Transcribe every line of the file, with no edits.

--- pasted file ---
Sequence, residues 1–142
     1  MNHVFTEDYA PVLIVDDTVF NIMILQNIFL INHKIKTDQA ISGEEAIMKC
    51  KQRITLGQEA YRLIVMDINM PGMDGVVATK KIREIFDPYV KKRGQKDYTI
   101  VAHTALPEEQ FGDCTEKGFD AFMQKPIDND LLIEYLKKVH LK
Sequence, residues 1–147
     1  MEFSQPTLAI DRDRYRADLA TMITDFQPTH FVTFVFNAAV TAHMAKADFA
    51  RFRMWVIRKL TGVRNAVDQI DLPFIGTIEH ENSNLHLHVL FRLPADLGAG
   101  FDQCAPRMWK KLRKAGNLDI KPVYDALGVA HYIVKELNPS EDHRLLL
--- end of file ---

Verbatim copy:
Sequence, residues 1–142
     1  MNHVFTEDYA PVLIVDDTVF NIMILQNIFL INHKIKTDQA ISGEEAIMKC
    51  KQRITLGQEA YRLIVMDINM PGMDGVVATK KIREIFDPYV KKRGQKDYTI
   101  VAHTALPEEQ FGDCTEKGFD AFMQKPIDND LLIEYLKKVH LK
Sequence, residues 1–147
     1  MEFSQPTLAI DRDRYRADLA TMITDFQPTH FVTFVFNAAV TAHMAKADFA
    51  RFRMWVIRKL TGVRNAVDQI DLPFIGTIEH ENSNLHLHVL FRLPADLGAG
   101  FDQCAPRMWK KLRKAGNLDI KPVYDALGVA HYIVKELNPS EDHRLLL